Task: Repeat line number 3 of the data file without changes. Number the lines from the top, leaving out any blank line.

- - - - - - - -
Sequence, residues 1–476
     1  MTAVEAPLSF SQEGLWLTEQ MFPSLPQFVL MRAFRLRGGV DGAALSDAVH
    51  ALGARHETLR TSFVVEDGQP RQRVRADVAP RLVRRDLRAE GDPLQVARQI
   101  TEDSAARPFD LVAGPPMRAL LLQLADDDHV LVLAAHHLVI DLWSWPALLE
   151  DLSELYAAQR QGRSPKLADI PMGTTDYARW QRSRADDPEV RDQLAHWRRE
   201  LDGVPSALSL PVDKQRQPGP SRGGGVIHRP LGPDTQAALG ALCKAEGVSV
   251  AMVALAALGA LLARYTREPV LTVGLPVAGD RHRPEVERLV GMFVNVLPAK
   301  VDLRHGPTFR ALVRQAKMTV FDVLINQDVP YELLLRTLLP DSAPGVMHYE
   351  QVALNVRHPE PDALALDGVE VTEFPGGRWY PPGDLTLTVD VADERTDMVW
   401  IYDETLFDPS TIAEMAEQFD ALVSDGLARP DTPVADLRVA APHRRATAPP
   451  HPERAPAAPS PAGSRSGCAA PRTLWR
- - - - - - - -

    51  ALGARHETLR TSFVVEDGQP RQRVRADVAP RLVRRDLRAE GDPLQVARQI